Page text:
“It sounds like the U.A.W. blew it up,” said Senator David Vitter, Republican of Louisiana.
Senator Richard C. Shelby of Alabama, the senior Republican on the banking committee and a leading critic of the auto bailout proposal, said: “We’re hoping that the Democrats will continue to negotiate but I think we have reached a point that labor has got to give. If they want a bill they can get one.”
Friday, December 12, 2008
GOP unveils "Look as out of touch as possible" strategy for 2010 & beyond
As the economy continues its spiral of doom following two of the biggest electoral thrashings in recent memory, last night's failed auto bailout begs the question: just what, exactly, are they thinking?
From NYT today:
This would be hilarious if it weren't so dangerous and infuriating--on the one hand you have smug ultimatum-like statements from a minority party that clearly doesn't get why it lost last month. On the other, you have the realization that one of our two parties is willing to risk not only the Big 3 auto jobs themselves, but hundreds of thousands of jobs across the country that depend on the auto industry. Why? By the looks of what Vitter and Shelby had to say, because they have an ideological point to prove regarding the UAW and labor unions in general--domino effects be-damned. After all, the fundamentals of our economy are strong enough that the market will sort things out, and they won't have that pesky UAW to worry about. Core principles, anyone?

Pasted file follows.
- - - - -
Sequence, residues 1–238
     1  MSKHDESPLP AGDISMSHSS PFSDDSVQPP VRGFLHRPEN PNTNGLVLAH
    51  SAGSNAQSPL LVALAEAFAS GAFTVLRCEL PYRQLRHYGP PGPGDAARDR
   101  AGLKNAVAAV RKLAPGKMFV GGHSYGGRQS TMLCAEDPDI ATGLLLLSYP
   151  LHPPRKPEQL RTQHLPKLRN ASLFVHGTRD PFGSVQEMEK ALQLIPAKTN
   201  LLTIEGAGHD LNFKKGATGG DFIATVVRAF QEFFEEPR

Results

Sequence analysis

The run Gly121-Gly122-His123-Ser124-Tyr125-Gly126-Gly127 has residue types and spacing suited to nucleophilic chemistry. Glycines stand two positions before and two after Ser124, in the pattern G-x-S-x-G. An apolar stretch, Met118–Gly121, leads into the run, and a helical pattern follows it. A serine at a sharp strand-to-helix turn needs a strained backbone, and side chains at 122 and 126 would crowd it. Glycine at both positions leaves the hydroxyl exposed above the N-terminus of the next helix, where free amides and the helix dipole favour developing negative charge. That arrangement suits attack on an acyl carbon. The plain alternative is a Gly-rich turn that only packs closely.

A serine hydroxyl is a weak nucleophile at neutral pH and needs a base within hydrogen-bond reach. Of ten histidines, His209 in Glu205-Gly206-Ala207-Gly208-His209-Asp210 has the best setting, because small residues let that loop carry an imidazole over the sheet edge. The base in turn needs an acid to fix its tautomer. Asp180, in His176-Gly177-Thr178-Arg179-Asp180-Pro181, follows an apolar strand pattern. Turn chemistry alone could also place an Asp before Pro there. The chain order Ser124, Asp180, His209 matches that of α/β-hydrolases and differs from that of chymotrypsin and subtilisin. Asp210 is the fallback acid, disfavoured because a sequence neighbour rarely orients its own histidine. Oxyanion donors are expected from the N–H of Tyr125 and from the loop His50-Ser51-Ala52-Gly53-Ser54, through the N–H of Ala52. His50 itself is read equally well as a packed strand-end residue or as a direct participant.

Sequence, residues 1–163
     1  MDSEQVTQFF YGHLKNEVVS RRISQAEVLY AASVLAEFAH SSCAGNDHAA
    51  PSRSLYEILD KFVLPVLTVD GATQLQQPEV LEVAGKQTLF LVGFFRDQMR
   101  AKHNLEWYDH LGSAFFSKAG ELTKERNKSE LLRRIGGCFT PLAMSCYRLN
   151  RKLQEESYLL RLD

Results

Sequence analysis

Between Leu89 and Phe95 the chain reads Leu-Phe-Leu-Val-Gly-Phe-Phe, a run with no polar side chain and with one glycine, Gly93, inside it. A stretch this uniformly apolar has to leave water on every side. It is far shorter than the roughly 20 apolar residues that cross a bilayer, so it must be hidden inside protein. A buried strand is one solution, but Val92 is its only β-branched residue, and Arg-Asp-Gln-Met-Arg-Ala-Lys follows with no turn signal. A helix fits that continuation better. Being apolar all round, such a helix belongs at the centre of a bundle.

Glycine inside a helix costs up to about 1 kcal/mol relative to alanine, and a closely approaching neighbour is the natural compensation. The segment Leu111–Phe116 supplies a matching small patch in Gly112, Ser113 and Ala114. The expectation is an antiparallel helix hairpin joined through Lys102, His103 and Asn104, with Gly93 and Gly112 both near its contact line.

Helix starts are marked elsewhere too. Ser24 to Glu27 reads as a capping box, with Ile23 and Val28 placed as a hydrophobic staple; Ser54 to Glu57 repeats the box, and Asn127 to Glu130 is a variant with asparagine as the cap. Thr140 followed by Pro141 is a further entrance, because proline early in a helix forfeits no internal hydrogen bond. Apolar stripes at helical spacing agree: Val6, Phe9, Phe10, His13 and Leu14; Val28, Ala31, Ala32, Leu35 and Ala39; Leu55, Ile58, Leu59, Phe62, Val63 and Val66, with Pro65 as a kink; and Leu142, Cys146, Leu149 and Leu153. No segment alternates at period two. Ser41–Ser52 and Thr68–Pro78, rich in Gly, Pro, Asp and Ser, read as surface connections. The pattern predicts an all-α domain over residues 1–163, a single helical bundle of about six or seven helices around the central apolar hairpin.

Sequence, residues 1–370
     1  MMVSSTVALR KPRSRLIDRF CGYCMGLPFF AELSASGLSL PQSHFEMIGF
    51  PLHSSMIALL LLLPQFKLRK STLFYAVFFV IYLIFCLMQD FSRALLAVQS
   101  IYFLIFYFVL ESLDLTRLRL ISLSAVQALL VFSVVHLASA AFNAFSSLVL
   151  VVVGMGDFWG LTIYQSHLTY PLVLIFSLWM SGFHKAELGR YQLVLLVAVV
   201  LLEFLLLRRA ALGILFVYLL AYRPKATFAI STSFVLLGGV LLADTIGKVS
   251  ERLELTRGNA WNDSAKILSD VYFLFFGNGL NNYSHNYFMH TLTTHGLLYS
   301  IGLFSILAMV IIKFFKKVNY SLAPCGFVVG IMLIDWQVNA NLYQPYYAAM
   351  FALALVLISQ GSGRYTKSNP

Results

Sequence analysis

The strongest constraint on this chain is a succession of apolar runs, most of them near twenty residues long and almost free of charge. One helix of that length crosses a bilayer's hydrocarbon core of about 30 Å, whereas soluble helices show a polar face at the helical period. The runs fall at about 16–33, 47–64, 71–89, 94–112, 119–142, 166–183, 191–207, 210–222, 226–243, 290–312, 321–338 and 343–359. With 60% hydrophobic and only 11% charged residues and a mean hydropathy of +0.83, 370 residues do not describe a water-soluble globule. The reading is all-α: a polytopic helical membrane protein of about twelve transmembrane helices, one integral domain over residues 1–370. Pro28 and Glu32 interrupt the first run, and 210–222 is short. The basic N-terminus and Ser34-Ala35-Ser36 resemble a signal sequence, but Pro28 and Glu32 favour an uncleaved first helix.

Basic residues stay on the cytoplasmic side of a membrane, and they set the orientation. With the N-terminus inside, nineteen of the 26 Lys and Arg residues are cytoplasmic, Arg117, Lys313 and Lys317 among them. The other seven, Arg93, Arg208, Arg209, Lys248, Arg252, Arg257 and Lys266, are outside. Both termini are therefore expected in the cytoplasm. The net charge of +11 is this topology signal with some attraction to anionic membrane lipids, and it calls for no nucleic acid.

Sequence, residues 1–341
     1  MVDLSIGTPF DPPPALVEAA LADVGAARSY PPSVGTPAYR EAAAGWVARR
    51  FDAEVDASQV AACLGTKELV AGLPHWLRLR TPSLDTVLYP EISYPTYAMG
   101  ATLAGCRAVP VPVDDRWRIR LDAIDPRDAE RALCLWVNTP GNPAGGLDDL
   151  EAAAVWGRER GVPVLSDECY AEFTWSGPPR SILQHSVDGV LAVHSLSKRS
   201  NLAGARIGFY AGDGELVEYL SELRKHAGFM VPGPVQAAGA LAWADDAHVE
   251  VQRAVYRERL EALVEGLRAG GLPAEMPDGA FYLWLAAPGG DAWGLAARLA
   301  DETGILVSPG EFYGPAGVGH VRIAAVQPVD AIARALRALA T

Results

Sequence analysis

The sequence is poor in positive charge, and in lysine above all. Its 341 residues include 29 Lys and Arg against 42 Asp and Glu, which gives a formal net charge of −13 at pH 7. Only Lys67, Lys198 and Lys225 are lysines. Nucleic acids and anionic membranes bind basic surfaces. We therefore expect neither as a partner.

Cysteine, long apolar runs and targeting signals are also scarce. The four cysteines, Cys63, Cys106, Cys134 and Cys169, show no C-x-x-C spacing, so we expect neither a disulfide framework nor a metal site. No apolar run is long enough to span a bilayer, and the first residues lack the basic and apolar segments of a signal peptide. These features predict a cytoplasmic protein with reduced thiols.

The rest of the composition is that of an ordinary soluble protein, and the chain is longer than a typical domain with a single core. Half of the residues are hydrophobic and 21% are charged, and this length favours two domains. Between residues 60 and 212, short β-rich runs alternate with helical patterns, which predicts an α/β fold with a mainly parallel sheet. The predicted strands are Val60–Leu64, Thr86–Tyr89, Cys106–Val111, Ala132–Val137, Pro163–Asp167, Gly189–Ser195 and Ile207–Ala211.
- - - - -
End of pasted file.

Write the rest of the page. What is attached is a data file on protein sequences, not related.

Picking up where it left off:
As much as it pains me to think of handing out even more billions to incompetent businesses, we're now in a situation where I don't think we have a choice. Sure, there's a good chance these guys will come back for more money in March, and there's a good chance they'll end up failing anyway. But this is not the time to subject one of our largest employers to an economic experiment.